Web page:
Why Boys' Education?
"Boys need teachers who listen to them, respond to them, and connect with them. They must have teachers who believe in their essential goodness and capacity to learn"
At CBHS Lewisham, we specialise in boys' education. Our boys are free of the gender biases and limitations that can be present in the co-educational environment. They have access to a range of opportunities and experiences and are encouraged to participate based on their interest, skill and passion for the opportunities. So why choose CBHS Lewisham?
1. Boys learn differently to girls.
There is now a recognised body of research which sustains that boys do learn differently to girls. Teachers in a boys' school understand how a boy learns. Boys are not good at engaging for lengthy periods. Boys are 'movers and doers’ – rather than 'sitters and listeners'. Boys need activity, competition, humour, a sense of ownership, time-constraints, scaffolds, longer playtimes, hands-on activities, clear boundaries and expectations. Boys need good role models and a literacy specific focus. They require clear instructions and less teacher-talk time. They love learning using technology.
2. The focus is entirely on boys.
When you don't have to plan curriculum, lessons and events to include both sexes, you can focus on boys' needs exclusively. Young men enjoy different kinds of activities than girls do. They grow at a different pace than girls do. A boys' school allows a boy to remain a boy for as long as he wants and needs to.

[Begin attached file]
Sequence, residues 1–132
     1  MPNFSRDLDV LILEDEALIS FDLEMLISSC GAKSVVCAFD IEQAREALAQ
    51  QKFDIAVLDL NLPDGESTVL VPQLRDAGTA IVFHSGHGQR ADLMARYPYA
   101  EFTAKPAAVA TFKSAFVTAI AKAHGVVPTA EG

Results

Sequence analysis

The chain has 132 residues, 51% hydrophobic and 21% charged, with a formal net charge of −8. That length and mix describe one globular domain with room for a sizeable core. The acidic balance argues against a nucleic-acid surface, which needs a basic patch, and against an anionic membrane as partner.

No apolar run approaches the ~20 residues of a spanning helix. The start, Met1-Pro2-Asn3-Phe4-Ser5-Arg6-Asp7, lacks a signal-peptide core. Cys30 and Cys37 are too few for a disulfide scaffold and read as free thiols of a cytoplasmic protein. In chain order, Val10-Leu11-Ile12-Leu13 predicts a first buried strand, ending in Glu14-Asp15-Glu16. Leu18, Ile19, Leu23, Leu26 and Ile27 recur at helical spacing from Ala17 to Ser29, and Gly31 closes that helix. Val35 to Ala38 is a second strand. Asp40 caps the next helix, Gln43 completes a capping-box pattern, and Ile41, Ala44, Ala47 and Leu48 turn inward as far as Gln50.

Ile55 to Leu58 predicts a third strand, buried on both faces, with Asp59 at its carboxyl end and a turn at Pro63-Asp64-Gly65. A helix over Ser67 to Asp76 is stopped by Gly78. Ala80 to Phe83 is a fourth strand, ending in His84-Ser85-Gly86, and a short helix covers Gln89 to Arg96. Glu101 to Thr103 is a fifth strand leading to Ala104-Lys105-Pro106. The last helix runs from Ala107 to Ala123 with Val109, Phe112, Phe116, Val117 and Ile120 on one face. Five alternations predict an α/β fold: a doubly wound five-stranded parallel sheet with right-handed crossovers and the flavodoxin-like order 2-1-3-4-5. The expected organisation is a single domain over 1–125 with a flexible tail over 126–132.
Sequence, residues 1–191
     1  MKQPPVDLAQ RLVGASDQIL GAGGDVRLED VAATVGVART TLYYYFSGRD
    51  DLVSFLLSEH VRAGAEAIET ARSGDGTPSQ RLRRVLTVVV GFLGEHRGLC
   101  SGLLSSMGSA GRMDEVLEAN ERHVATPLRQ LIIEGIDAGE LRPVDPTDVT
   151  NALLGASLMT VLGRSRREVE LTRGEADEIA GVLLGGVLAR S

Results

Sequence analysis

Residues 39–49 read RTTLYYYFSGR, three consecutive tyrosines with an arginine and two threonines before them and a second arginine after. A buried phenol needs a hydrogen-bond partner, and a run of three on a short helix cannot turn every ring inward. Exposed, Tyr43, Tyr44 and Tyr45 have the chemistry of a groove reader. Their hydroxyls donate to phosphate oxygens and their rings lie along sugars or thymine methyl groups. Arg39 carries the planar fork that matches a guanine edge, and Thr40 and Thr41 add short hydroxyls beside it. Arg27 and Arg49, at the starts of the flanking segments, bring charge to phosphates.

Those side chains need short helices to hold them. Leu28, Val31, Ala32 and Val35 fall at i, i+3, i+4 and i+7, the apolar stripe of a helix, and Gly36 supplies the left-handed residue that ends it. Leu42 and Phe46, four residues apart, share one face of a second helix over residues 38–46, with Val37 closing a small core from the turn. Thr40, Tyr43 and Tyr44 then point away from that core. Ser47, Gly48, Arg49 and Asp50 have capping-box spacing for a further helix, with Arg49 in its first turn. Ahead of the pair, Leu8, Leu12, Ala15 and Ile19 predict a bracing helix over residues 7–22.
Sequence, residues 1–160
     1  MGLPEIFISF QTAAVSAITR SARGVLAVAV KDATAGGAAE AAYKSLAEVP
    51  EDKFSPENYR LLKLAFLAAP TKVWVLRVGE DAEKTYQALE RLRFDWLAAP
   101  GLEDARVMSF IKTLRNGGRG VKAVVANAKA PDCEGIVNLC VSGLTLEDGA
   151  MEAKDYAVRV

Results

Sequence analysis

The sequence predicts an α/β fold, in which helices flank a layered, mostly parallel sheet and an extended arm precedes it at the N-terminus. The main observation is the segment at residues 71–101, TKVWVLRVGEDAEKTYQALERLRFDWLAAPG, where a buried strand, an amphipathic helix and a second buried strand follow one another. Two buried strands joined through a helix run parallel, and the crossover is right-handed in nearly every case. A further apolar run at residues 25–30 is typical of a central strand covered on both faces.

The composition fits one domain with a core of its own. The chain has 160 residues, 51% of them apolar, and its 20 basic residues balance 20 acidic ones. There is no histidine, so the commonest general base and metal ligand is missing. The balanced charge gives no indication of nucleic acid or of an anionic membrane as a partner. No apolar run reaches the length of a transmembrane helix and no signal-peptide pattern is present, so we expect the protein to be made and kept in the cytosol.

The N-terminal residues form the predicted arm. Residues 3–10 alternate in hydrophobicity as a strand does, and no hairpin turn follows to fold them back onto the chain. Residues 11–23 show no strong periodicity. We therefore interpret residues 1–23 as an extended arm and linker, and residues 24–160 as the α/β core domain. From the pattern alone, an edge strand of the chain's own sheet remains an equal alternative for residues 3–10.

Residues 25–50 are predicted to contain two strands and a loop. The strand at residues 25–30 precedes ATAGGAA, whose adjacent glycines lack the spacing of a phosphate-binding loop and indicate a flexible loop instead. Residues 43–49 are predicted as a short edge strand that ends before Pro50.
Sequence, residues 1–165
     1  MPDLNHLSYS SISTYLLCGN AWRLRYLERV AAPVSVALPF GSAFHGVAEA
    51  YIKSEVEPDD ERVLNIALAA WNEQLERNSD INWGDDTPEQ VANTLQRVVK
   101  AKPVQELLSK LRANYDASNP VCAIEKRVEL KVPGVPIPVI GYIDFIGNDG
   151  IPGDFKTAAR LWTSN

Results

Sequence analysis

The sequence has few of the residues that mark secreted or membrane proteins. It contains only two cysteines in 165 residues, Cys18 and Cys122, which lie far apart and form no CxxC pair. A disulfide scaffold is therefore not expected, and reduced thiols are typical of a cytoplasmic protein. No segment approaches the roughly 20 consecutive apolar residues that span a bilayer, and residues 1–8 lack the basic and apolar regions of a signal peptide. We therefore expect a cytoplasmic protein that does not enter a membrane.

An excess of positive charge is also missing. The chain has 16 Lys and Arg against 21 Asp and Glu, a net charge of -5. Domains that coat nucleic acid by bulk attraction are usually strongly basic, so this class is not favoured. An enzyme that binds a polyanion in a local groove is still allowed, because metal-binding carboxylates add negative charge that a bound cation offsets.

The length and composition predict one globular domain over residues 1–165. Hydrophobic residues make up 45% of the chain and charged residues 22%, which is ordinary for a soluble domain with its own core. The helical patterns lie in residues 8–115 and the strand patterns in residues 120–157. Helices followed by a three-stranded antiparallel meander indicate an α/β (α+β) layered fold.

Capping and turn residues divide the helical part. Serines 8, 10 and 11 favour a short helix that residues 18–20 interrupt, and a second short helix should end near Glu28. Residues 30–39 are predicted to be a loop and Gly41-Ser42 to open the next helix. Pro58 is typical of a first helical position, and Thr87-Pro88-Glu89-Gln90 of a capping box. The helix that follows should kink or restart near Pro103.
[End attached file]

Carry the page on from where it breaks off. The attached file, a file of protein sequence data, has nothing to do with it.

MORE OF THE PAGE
3. The social pressures are much less stressful.
Boys mature later than girls do. Learning how to cope with and relate to girls on a daily basis in a coeducational setting causes added stress in those early adolescent years. That's exactly the time a boys' school is able to jump in and build confidence without the social distractions inherent in a mixed setting.
4. Boys become comfortable with non-traditional subjects and activities.
In a co-educational high school boys often shy away from joining activities such as choir and orchestra. To do so would make be considered unmasculine. In a boys' school you can't have a choir or an orchestra unless you and your classmates pitch in and make it happen. Breaking down the stereotypes society has imposed on what are considered proper activities for boys is one of the many things boys' schools do very well.
5. Boys learn that there are many routes to manhood.
Again, the traditional stereotypes can be dismantled and replaced by a more thoughtful approach to maturation. Not every boy can be a star athlete or a Math whiz. Competition is fine and to be encouraged. Boys at CBHS Lewisham boys learn that nurturing right relationships, forming strong bonds of friendship, teamwork and social interaction are what matter most in later life.
What about interaction with girls? That is indeed a very important part of any boys' school's social calendar. CBHS Lewisham has established relationship with a nearby girls' schools. A range of supervised activities such as dances and book clubs, gives both the boys and girls ample opportunity to enjoy each other's company. This works to their mutual benefit.
Sources, Further Reading and Weblinks